• Big Driver

    Released By: Lionsgate
    Released On: January 27, 2015.
    Director: Mikael Salomon
    Cast: Maria Bello, Ann Dowd, Will Harris, Joan Jett, Olympia Dukakis
    Year: 2014
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    The Film:

    Have you ever wondered what would happen if you crossed a Stephen King rape revenge story with a Lifetime TV movie? No, I haven't either. But if you have, you're in luck! Big Driver is here on DVD, and the very unlikely partnership makes for a wacky experience...in an interesting and enjoyable way.

    Tess Thorne (Maria Bello) is the author of a series of books based on a knitting circle of elderly ladies who also happen to be detectives. Although the premise seems odd, the books are hugely successful, offering Tess the opportunity to travel to various speaking engagements to discuss the characters and her writing process. After experiencing what she would deem a drive from hell travelling to one particular venue, Tess gladly accepts an offer of a "scenic shortcut" from her host, one that will keep her off of the traffic-snarled Interstate.

    Heading home down the country backroads and over cute little bridges is like a dream come true after the gruelling trip up, but good fortune is not in the cards for the author. A sharp bend in the road obscures a mess of nail-riddled boards from her Prius' front tire, and Tess finds herself stranded next to an abandoned gas station, unsure of how to deal with a flat. When a rock band touring van with the name "Zombie Bakers" blasts past her on the way to a gig, and with no cell service (of course) in the area, she's almost certain that she'll be stranded...but hope is on the horizon. Hope, in this case, is the enormous "Big Driver" a mountain of friendly redneck man in a pickup truck who seems eager to help the lady in distress. Unfortunately for Tess, the big guy is also a serial killer with a habit of repeatedly raping his victims before murdering them.

    Left for dead in a drainpipe, Tess miraculously survives the ordeal and makes it back home. Convinced that nobody will believe that the pretentious, stuck-up author wasn't asking for it in some way, she pieces together the events that led her to Big Driver and begins to write a new book. Conjuring up the imaginary spirits of her knitting detective characters, and with a nudge in the right direction from the spectacular Joan Jett, she formulates a plan that will make those responsible for her suffering pay for their misdeeds; and if her plan succeeds, there's going to be a whole lot of blood spilled by the time she finishes.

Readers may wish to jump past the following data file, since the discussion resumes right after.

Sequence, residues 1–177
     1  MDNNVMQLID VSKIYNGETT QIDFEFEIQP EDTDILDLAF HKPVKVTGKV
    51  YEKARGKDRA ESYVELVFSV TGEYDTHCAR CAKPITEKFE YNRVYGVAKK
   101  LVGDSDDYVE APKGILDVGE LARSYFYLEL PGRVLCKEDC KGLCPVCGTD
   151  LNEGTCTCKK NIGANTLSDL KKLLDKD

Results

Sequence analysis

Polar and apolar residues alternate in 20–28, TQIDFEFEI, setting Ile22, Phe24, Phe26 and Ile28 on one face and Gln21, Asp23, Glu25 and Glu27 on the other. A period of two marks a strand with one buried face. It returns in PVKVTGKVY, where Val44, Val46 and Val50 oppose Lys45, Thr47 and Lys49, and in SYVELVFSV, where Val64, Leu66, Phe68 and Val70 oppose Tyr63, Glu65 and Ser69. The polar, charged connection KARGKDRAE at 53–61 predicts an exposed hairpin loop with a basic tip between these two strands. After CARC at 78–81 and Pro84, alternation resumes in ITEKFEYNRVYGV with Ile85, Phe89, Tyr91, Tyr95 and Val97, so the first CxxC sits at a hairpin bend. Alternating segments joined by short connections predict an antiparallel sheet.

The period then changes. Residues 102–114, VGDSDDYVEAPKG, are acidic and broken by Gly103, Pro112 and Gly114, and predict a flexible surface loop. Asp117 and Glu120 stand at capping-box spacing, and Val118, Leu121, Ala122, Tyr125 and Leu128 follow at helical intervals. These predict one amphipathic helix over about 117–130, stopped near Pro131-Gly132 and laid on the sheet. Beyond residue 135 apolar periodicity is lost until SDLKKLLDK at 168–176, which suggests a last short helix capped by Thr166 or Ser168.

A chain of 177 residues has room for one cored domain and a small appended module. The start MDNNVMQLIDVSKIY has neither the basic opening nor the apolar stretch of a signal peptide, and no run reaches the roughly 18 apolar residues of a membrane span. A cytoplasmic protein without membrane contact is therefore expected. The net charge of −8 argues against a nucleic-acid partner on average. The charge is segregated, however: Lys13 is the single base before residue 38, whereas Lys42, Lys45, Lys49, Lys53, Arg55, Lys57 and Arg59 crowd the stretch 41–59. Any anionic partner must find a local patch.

Bizarre. That's the best way to sum up the film Big Driver. What could otherwise be closely compared to a film such as "I Spit On Your Grave" is slammed headlong into the Lifetime channel's penchant for showing stories with a strong female lead as inspiration. As such, you end up with a gruesomely violent revenge movie with grandmotherly apparitions clucking and giving matronly advice...on how to get away with murder. It's just...bizarre. But it works.

    That's not to say that it's perfect, by any stretch. Though the cast, Maria Bello in particular, are fantastic, and the direction is solid, there are some crazy plot holes and serious stretches of the imagination required for the film to work. Why is a woman in a Lifetime movie unable to change a tire? Where, within walking distance of a town, is there no cell signal? How are certain things in the film that should be impossible to figure out discovered just by talking them out with imaginary friends? But hey, let's not let logic get in the way of a good film. As mentioned, Bello and the cast are excellent. The film is just about the perfect running time, clocking in at about 90 minutes. And even though it does slow down during Bello's "Talking to myself a lot" moments, it starts and ends strongly. Mikael Salomon keeps the camera moving even when there's no action on the screen to keep it interesting, and the score is Subtle....with a capital "S"...but brooding and effective. For a "TV Movie" it does a number of things that TV Movies don't, and that works well to its advantage. And having Stephen King and the guy responsible for Three O'Clock High as the writers doesn't hurt either.

    It shouldn't work in a million years....but it does. Well.


    Big Driver comes to Lionsgate DVD with a 1.78:1 anamorphic transfer that looks great. A lot of the film is shot under dim or dark conditions, but the picture doesn't falter, maintaining strong detail. On the flip side, the bright scenes in the film look wonderfully crisp and clear. There may be an artifact in there somewhere, but I certainly didn't notice any.

    The Dolby Digital 5.1 soundtrack is about as subtle as the score, with moderate use of the surrounds and sub. Dialogue is clear, and balanced well in the soundstage. No hisses or pops to be found, no diving for the remote.

    A promo reel for Lionsgate films can also be found on the disc.

    The Final Word:

    When you get surprised by a film, it's a great experience. Big Driver is a fun flick, and should catch people off guard with its strange mix of ingredients. Recommended.